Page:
ImageFire has a way of getting people’s attention. Some years back, during a period of change in my life, I made arrangements to stay at a friend’s cabin in the interior. Driving up the Coquihalla Highway, we were surprised to see columns of ash in the distance, rising into the sky. We hadn’t intentionally planned to travel toward one of the greatest wildfires in provincial history, but we carried on anyway, like moths to a flame.

Our destination was a cabin perched on a cliffside in Westbank. On arrival at this idyllic spot, I pulled a text from a bookshelf for bathroom reading. I opened Joseph Campbell’s The Masks of God: Oriental Mythology to a random spot and my eyes fell on this passage:

“All things, O priests,” said the Buddha in his famous Fire Sermon, “are on fire. And what, O priests, are all these things which are on fire? The eye, O priests, is on fire; forms are on fire; eye-consciousness is on fire; impressions received by the eye are on fire; and whatever sensation, pleasant, unpleasant, or indifferent, originates in dependence on impressions received by the eye, that also is on fire.”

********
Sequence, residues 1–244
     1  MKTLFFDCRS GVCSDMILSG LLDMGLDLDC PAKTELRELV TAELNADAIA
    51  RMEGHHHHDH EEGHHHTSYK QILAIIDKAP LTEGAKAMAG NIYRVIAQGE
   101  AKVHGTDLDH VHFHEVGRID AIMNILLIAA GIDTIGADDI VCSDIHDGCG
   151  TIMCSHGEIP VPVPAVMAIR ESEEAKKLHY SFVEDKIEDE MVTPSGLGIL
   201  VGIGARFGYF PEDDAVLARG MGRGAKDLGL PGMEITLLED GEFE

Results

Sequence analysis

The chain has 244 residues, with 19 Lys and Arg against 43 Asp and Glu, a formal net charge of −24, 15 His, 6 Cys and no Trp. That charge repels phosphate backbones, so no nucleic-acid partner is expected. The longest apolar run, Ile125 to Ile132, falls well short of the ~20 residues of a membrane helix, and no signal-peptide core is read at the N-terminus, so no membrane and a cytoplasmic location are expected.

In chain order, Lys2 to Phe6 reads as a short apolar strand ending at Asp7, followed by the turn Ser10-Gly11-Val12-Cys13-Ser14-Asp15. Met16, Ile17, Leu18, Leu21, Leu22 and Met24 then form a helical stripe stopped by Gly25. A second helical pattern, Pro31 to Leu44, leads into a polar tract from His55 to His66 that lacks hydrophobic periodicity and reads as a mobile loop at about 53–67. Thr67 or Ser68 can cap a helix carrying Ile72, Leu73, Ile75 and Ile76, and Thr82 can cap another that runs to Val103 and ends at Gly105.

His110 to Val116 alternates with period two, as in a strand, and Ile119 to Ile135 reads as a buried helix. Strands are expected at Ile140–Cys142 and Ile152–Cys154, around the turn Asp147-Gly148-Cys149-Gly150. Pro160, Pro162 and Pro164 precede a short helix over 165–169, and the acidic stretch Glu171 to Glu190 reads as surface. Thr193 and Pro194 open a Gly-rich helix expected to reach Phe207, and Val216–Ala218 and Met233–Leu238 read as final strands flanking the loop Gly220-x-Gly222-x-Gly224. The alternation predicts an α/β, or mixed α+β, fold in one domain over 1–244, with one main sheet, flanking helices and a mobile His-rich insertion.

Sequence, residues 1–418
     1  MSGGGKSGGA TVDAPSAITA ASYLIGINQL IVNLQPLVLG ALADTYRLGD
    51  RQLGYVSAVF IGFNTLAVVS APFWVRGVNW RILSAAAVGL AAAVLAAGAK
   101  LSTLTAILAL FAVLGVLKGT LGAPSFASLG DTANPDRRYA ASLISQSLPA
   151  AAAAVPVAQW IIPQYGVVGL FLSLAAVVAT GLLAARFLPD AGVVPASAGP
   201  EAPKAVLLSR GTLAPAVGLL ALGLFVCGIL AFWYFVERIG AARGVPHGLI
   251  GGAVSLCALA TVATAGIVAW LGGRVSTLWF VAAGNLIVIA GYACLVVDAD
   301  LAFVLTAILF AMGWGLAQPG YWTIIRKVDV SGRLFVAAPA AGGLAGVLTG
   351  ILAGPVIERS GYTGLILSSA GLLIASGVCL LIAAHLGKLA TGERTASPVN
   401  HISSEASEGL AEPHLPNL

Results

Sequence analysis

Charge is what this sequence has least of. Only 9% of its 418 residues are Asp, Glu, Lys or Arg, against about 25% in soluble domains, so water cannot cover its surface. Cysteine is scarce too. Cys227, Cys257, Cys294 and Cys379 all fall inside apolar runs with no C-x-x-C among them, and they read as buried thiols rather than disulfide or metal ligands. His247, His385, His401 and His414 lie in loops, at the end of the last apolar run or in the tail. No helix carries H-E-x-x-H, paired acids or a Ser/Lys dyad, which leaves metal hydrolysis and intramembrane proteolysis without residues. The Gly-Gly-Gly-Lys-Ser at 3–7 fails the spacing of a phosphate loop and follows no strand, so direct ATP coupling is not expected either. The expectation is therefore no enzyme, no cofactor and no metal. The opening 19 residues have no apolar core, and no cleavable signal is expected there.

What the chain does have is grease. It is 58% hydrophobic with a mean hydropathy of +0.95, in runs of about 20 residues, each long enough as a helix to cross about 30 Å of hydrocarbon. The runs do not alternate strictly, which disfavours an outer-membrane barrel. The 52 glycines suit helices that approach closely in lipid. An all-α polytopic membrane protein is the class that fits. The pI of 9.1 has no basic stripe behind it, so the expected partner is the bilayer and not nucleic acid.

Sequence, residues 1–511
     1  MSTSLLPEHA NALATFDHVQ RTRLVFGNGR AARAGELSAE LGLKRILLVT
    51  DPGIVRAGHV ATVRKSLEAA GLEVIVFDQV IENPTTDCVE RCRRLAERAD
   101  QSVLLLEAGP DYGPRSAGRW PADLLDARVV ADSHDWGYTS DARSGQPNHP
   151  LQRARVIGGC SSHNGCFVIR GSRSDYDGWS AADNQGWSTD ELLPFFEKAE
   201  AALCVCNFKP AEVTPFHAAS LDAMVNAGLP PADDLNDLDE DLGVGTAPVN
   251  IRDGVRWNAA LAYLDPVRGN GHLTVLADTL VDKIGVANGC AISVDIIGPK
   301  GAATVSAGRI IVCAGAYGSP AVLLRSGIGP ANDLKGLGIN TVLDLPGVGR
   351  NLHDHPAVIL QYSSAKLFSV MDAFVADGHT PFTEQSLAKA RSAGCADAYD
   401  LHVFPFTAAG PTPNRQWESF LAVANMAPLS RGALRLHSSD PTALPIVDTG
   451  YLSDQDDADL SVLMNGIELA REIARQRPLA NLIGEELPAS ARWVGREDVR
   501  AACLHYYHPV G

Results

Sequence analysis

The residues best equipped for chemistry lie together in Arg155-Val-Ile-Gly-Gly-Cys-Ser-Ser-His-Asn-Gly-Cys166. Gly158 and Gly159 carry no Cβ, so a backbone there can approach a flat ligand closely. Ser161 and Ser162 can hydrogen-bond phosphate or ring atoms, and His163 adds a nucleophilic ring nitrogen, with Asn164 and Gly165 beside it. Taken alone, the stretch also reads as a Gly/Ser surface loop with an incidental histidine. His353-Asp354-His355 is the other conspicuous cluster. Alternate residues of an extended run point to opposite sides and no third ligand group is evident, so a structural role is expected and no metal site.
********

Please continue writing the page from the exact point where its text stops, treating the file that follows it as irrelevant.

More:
It’s all going up in smoke, according to Buddha: “The tongue is on fire; tastes are on fire; …the body is on fire; things tangible are on fire; …the mind is on fire; ideas are on fire; …mind-consciousness is on fire; impressions received by the mind are on fire.”

I dropped the book in my lap and thought, with the scent of smoke hanging in the air, “that’s interesting.”

As twilight fell, my host and I had ringside seats overlooking Kelowna and the inferno building at the town’s outskirts. Dust scattered the remaining sunlight, turning the sky a technicolour purple. Pyroclastic clouds boiled thousands of feet into the air and if that weren’t enough, lightning bolts flashed vertically from cloud to cloud in a scene worthy of some fifties’ biblical blockbuster.

That night, I could make out flames in the distance, but it seemed as if my eyes were playing tricks on me. Given the height of the buildings in the foreground, the flames must have been up to 60 feet in height. That couldn’t be right, I thought. I later heard a similar estimate from firefighters who had never fought a blaze of this scale before.